Blog: September 2009
To read more about the Wilmington team's trip to Malawi and their time with UPI leaders and programs, visit http://malawiteam2009.blogspot.com/
Once a week at Camp Hope, we have Discovery class. Discovery can encompass a wide variety of activities, but the main goal is to get the students thinking outside the box. This week was the students’ first experience with Discovery and we did the “” challenge. The students broke into groups of 2 or 3, were given simple supplies, and were told to build the tallest tower they possibly could that stood on its own using only the supplies given to them.
At first, the students looked at the paper, tape, popsicle sticks, and straw, and then looked at me with completely blank faces. “Build a tower? But we don’t know how!” I told them to just start experimenting and doing whatever they could to turn those things into a tower. Pretty quickly, the class of older students got to work tearing and rolling up the paper, taping things together, and hiding their designs from the competition. When it came time to measure, each group in the older class had a free-standing tower.
For the younger class, this task was a little more daunting. The blank faces didn’t change as quickly, and one young boy, Milton, looked up at me and said, “I can’t build a tower,” in a tone that suggested the task was ridiculous. I knelt down next to him and assured him that he could, but he continued to insist that it was impossible. He and his partner, Alduvin started to fold the paper with doubtful looks on their faces, and each time I passed by them, Milton looked up at me and reminded me, “I can’t build a tower!”. Each time, I affirmed that he could. Eventually, Milton and Alduvin had a design in progress that was standing on its own and climbing at the same steady rate as Milton’s confidence. By the end, Milton was beaming as he looked around the room, noting that his tower was significantly taller than the others.
When it came time to measure all the towers, Milton and Alduvin’s tower was the tallest in the younger class, and even taller than the tallest from the older class. As I announced this, Milton’s eyes widened and his grin broadened. At closing, he made sure everyone knew that his tower had been the tallest of them all, very proud of his great accomplishment.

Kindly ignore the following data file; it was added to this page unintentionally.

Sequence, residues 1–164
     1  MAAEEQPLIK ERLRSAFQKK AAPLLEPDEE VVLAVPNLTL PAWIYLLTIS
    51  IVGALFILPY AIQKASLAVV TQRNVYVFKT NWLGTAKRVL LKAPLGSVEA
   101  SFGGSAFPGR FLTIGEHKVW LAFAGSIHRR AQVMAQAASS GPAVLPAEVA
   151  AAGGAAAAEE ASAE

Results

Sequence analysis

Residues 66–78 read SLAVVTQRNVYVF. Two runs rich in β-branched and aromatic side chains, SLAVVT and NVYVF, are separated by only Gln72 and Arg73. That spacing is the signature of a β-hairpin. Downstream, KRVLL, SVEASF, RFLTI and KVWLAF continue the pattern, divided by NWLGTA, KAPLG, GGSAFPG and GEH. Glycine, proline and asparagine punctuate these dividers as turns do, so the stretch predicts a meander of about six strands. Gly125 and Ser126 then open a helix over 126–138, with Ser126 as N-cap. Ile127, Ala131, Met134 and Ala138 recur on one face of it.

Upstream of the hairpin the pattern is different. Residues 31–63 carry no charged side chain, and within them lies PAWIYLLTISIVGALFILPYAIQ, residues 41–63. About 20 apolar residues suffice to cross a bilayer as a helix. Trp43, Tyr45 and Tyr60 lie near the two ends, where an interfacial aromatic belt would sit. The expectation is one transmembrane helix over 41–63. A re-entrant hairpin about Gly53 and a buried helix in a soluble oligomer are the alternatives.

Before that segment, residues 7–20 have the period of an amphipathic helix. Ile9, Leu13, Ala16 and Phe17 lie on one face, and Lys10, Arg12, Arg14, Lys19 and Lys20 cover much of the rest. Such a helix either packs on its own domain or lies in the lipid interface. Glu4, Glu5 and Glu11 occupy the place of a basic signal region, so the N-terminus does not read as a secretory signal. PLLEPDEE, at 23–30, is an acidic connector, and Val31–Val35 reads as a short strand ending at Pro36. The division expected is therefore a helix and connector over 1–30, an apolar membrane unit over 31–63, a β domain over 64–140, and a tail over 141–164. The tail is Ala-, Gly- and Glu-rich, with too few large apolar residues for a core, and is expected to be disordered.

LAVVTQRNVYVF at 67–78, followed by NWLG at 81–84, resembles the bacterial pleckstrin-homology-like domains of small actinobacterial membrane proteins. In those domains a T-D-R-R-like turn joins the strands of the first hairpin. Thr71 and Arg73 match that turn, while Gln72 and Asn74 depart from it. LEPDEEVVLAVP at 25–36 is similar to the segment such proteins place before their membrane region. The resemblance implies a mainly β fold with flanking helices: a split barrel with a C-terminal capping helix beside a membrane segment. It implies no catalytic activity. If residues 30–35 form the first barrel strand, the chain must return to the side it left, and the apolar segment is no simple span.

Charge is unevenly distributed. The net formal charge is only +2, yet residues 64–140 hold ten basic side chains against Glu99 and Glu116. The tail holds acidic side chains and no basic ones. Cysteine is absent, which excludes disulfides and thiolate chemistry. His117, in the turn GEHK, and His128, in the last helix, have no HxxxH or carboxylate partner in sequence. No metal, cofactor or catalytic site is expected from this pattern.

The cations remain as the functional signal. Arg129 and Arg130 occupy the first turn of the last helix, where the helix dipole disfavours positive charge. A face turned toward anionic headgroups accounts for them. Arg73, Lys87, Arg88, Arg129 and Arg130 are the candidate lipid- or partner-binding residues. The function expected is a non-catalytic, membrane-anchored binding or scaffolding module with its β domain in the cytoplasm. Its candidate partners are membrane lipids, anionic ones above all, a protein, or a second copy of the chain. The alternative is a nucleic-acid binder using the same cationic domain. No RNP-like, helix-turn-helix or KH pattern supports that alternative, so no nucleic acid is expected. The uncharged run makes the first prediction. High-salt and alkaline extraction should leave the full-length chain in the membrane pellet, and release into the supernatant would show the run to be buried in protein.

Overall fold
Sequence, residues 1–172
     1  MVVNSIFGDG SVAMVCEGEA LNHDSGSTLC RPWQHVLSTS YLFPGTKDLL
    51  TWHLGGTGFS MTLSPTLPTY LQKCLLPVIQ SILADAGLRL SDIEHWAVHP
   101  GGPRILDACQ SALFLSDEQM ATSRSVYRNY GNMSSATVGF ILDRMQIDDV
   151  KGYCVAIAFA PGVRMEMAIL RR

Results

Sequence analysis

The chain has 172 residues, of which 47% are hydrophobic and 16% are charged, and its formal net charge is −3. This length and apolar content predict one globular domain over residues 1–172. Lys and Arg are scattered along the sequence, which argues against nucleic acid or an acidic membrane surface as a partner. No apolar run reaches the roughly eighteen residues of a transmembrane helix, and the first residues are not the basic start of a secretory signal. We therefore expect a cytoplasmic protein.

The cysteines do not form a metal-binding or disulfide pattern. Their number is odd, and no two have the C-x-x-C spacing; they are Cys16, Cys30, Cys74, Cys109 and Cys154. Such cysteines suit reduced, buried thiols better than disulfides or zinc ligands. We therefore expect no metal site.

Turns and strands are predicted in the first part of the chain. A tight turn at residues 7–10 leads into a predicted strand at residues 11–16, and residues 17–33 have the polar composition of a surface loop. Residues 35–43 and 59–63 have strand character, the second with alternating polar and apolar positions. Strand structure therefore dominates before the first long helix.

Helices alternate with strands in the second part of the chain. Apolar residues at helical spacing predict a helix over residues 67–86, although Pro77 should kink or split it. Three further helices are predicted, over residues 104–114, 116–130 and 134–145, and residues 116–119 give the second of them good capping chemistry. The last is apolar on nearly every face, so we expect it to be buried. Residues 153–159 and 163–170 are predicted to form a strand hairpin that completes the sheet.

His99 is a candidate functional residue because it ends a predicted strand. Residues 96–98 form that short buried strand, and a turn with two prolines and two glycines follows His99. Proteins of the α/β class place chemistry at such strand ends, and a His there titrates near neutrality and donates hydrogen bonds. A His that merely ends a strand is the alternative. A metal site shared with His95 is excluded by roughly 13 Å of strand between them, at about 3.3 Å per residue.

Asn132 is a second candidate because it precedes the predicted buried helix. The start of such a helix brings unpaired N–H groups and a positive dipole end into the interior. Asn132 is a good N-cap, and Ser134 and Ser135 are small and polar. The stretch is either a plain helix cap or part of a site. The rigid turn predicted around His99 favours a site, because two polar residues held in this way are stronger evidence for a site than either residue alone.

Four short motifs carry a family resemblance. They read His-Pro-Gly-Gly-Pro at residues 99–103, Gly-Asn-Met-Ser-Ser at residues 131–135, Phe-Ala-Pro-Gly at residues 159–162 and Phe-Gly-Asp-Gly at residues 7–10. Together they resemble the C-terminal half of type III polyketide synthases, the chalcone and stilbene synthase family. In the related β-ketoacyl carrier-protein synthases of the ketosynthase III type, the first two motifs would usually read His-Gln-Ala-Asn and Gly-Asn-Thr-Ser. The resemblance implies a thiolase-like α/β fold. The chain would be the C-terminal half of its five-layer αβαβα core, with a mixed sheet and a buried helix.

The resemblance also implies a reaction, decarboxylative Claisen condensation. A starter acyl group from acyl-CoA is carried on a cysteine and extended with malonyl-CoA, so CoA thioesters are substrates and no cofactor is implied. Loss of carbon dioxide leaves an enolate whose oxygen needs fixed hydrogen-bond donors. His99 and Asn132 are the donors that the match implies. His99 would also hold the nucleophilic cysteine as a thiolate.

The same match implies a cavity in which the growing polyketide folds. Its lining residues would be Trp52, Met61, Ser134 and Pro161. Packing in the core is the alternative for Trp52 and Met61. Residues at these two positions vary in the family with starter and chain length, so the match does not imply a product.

As he walked out the door at the end of the day, I looked down and said, “See, Milton, you can build a tower.” He smiled back and me and said, “The tallest one!”
Many Many praises!!
The entire team arrived safely on Sat with ALL 16 bags! Robert, Willie, Peter and I met them at the airport and were able to wave to them from a second floor balcony. Robert is an amazing man full of the favor of God. He got the official to let him and I back into the luggage area to great and help. Then we went as a group through customs and the man wanted us to start filling out paperwork and when he asked us what we had we told him school supplies etc. Robert said we were here to visit his church and do missions and the man said then come on in! The next stop they opened one bag and Robert said we were here to preach the gospel and the guy said no problem go on. All those bags just went through without a hitch!
We are all feeling well and being totally blessed to be in Malawi and to be visiting with the people.
Yesterday we worshipped at Robert's church. Half the team taught 150 kids that they are a treasure from God and Jesus wants them to help Him find lost coins. The other half of the group gave testimonies to about 100+ teens. Then in the main service we sang a few songs and Jon preached on Psalm 23. Afterwards we served the entire church beef and rice, starting with the kids first! We spent the afternoon watching a soccer match and then ended it with a time of fellowship in Robert's home. We all enjoyed traditional Malawian food of fish, nisema, peanuts and greens, and of course soda & ice cream :)